Le Libertaire, Journal du mouvement social. Libertarian Communist publication edited by Joseph Déjacque. This copy is of the August 17, 1860 edition in New York.

He also thought that "government, religion, property, family, all are linked, all coincide.' The content of the social revolution was thus to be the abolition of all governments, of all religions, and of the family based on marriage, the authority of the parents and the husband, and inheritance."[10]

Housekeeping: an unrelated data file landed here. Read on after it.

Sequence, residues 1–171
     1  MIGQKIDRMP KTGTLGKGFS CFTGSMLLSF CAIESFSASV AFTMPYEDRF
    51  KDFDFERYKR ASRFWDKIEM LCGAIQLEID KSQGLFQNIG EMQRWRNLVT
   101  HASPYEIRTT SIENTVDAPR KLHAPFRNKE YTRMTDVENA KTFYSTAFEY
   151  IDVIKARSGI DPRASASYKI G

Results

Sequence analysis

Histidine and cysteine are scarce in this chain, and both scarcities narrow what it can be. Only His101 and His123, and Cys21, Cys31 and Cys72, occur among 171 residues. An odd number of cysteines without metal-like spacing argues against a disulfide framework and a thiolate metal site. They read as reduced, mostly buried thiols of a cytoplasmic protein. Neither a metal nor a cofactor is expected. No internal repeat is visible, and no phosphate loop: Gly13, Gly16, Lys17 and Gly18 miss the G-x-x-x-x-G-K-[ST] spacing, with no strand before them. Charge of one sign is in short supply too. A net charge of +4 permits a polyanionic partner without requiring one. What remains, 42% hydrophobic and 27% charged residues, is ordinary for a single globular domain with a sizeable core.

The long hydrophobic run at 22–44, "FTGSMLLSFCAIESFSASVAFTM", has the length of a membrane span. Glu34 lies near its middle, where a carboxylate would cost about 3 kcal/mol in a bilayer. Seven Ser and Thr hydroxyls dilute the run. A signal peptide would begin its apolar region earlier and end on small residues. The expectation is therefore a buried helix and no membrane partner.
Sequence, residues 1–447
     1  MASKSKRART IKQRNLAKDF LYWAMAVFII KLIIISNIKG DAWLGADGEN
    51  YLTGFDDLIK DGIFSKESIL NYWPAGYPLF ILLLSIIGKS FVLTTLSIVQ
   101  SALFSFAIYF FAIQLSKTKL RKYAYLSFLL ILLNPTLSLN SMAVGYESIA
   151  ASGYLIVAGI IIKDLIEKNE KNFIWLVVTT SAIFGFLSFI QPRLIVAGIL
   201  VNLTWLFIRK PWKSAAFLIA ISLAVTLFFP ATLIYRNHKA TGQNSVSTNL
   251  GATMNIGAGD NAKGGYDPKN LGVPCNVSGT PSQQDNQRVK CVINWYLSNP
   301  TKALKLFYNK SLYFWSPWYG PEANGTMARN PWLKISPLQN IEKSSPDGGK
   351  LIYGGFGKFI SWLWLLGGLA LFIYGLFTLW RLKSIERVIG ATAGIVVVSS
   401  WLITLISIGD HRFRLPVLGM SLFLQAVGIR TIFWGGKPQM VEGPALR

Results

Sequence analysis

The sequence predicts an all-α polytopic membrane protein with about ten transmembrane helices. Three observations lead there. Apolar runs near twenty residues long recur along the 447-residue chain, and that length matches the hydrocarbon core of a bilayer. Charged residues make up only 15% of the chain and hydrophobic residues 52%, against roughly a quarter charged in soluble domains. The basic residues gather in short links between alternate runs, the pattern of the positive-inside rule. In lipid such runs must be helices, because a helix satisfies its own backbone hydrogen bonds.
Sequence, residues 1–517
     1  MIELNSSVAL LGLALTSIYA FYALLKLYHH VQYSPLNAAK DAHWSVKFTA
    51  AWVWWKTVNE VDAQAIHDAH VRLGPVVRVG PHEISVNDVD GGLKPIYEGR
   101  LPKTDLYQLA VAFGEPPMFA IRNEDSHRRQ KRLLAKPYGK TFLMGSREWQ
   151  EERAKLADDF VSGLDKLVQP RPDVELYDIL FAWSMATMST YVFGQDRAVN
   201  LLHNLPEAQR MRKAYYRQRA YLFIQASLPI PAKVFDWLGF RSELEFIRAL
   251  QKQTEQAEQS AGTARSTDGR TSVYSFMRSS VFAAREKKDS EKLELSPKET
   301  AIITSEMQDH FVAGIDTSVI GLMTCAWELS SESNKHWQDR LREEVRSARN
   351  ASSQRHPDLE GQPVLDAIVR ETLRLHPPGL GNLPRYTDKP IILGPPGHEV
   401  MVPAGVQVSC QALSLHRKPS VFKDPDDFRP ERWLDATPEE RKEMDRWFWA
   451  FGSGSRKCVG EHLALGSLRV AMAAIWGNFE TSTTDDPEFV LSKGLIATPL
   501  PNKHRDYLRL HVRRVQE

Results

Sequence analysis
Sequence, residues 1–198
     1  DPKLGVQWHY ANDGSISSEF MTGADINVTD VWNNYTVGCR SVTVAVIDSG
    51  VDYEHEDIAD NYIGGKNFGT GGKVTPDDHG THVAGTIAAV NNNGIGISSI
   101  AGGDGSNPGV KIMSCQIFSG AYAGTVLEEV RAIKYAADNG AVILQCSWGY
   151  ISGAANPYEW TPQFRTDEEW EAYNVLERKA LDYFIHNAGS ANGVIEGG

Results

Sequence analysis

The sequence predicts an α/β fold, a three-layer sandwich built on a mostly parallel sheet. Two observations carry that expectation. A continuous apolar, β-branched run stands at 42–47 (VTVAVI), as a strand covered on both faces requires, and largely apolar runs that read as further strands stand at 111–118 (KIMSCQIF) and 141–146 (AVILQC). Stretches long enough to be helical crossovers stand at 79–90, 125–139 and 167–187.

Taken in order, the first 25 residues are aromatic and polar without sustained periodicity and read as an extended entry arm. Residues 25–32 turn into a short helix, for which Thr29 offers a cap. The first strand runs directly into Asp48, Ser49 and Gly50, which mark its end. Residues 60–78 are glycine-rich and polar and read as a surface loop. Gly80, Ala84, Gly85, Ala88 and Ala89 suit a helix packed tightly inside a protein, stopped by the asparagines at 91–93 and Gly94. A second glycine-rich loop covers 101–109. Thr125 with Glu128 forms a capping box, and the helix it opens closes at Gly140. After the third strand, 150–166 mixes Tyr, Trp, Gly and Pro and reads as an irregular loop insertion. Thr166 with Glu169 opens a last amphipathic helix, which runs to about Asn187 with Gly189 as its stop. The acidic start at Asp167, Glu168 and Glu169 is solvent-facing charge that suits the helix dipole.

Déjacque established his proposed state as follows "“the state of affairs where each would be free to produce and consume at will and according to their fantasy, without having to exercise or submit to any control whatsoever over anything whatever; where the balance between production and consumption would establish itself, no longer by preventive and arbitrary detention at the hands of some group or other, but by the free circulation of the faculties and needs of each."[10]

Debate with Pierre-Joseph Proudhon[edit]